Stack Overflow is a community of 4.7 million programmers, just like you, helping each other.

Join them; it only takes a minute:

Sign up
Join the Stack Overflow community to:
  1. Ask programming questions
  2. Answer and help your peers
  3. Get recognized for your expertise

How would you say does not equal?


if hi == hi:
    print "hi"
elif hi (does not equal) bye:
    print "no hi"

Is there a replacement for == that means "not equal"?

share|improve this question
Are you asking about else, != (optionally <>) or is not? – Tadeck Jun 16 '12 at 3:25
Please note that the search engine ranking of this questing is higher than the ranking of the on-line docs. Therefore it's still a useful question. – f4der Jan 13 '15 at 11:55
Attention that <> doesn't work any more in python 3, so use != – Antonello Mar 7 at 10:38
up vote 232 down vote accepted

Use != (preferred) or <> (deprecated). See comparison operators. For comparing object identities, you can use the keyword is and its negation is not.


1 == 1 # true
1 != 1 # false
1 <> 1 # false
[] is [] # false (distinct objects)
a = b = []; a is b # true (same object)
share|improve this answer
Lets say there is only !=, since <> has been removed from Python 3. There should be one and preferably only one way to do it ;) Anyway +1 – Tadeck Jun 16 '12 at 3:24
According to newer docs - - <> is only in 2.6 and 2.7 for backcompatibility and "new code should always use !=." – lvc Jun 16 '12 at 3:26
<> is not removed from Python 3. Checkout PEP401 and try from __future__ import barry_as_FLUFL lol~ – yegle Oct 25 '12 at 18:46
How would you compare two binary data? – Masi Jul 9 '15 at 15:48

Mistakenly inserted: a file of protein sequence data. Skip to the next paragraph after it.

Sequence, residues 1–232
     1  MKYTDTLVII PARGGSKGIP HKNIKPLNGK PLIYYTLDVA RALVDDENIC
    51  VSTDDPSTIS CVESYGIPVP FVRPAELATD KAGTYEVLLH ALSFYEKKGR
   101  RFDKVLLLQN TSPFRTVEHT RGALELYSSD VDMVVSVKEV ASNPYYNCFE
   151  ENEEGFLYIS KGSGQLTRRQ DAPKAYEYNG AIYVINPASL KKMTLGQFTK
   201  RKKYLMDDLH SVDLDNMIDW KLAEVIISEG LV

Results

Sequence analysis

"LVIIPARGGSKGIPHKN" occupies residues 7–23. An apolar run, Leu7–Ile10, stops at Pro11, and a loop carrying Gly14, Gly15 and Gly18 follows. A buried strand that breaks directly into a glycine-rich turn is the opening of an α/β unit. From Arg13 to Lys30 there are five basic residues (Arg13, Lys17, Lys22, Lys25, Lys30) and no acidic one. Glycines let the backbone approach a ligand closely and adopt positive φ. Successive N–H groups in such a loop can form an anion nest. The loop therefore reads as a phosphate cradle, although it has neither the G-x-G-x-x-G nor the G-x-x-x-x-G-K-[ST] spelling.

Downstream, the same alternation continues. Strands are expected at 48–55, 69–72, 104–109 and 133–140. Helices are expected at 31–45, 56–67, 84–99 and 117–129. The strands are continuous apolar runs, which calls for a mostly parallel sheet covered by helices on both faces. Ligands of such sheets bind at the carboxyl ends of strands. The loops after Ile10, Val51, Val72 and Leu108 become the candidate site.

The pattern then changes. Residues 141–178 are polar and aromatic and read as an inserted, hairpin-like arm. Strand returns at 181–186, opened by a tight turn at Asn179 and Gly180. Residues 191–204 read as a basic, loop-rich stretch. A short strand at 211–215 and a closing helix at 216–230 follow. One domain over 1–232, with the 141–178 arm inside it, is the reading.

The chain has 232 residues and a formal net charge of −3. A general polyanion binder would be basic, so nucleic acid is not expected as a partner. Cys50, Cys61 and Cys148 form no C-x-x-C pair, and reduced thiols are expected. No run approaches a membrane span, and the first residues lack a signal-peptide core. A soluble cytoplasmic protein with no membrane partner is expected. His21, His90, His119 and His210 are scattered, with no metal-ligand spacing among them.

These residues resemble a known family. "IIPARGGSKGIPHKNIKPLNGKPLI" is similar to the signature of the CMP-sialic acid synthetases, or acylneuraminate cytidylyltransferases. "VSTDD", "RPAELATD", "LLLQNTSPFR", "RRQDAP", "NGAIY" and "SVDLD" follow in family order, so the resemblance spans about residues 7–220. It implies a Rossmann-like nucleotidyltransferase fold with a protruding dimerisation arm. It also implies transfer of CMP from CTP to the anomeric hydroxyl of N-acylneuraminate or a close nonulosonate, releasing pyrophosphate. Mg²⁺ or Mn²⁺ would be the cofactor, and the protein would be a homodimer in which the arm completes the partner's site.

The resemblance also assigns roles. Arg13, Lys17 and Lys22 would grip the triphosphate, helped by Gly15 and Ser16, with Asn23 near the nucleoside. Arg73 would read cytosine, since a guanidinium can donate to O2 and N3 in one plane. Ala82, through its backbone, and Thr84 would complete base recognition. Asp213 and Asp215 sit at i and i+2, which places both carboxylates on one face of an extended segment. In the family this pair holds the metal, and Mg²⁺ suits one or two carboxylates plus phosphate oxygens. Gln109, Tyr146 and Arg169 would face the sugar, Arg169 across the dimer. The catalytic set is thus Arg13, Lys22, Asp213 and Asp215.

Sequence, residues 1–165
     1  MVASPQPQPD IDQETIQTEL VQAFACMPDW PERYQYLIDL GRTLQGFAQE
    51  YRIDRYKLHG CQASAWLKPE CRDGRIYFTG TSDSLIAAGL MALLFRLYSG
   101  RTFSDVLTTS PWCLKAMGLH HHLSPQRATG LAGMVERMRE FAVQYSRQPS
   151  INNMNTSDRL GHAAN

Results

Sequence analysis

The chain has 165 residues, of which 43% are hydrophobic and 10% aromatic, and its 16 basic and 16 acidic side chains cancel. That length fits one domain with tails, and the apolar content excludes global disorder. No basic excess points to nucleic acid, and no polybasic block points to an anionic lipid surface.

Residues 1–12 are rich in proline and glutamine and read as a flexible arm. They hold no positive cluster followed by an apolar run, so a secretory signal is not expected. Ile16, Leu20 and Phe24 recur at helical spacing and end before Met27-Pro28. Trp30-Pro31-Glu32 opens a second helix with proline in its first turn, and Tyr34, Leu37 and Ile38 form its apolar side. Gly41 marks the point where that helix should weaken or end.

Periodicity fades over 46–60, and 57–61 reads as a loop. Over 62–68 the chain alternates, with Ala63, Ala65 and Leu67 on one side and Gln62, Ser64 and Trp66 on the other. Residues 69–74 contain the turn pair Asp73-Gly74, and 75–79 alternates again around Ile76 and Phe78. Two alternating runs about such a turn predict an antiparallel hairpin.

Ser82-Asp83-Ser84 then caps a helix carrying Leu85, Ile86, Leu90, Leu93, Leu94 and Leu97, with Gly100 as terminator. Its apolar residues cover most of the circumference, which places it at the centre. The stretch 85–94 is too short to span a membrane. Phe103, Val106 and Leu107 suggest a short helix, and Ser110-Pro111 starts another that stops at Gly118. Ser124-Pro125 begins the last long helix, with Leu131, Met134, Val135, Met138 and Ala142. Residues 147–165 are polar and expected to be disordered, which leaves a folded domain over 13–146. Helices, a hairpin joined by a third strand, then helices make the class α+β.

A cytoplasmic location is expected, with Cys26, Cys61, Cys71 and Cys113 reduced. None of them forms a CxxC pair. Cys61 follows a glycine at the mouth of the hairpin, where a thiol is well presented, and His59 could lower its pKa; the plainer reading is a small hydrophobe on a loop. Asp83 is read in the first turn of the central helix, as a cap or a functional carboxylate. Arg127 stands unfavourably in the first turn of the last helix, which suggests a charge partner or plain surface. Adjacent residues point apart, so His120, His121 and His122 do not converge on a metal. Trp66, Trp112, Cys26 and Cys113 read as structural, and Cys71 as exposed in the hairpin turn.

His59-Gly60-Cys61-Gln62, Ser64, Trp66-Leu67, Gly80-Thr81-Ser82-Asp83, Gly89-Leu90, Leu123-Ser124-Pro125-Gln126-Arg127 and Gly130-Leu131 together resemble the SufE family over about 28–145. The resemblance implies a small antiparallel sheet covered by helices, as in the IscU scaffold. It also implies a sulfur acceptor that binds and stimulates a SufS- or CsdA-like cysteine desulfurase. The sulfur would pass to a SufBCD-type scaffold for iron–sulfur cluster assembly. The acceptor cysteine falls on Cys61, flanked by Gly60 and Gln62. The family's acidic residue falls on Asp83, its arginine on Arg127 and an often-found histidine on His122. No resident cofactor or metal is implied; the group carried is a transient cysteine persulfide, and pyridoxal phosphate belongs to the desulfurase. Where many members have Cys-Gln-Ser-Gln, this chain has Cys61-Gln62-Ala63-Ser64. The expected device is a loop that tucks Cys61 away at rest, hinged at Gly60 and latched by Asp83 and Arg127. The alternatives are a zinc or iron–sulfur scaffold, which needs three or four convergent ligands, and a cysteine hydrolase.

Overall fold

Not equal != (vs equal ==)

Are you asking about something like this?

answer = 'hi'

if answer == 'hi':     # equal
   print "hi"
elif answer != 'hi':   # not equal
   print "no hi"

This Python - Basic Operators chart might be helpful.

share|improve this answer

There's the != (not equal) operator that returns True when two values differ, though be careful with the types cause "1" != 1 this will always return True and "1" == 1 will always return False, since the types differ, python is dynamically but strongly typed, other statically typed languages would complain about comparing different types.

Theres also the else clause

# this will always print either "hi" or "no hi" unless something unforseen happens.
if hi == "hi":     # the variable hi is being compared to the string "hi", strings are immutable in python so you could use the is operator.
    print "hi"     # if indeed it is the string "hi" then print "hi"
else:              # hi and "hi" are not the same
    print "no hi"  

The is operator is the object identity operator used to check if two object in fact are the same:

a = [1, 2]
b = [1, 2]
print a == b # This will print True since they have the same values
print a is b # This will print False since they are different objects.
share|improve this answer

Seeing as everyone else has already listed most of the other ways to say not equal I will just add:

if not (1) == (1): # This will eval true then false
    # (ie: 1 == 1 is true but the opposite(not) is false)
    print "the world is ending" # This will only run on a if true
elif (1+1) != (2): #second if
    print "the world is ending"
    # This will only run if the first if is false and the second if is true
else: # this will only run if the if both if's are false
    print "you are good for another day"

in this case it is simple switching the check of positive == (true) to negative and vise versa...

share|improve this answer

You can use both != or <>.

However, note that != is preferred where <> is deprecated.

share|improve this answer

You can simply do:

if hi == hi:
    print "hi"
elif hi != bye:
     print "no hi"
share|improve this answer

Your Answer


By posting your answer, you agree to the privacy policy and terms of service.

Not the answer you're looking for? Browse other questions tagged or ask your own question.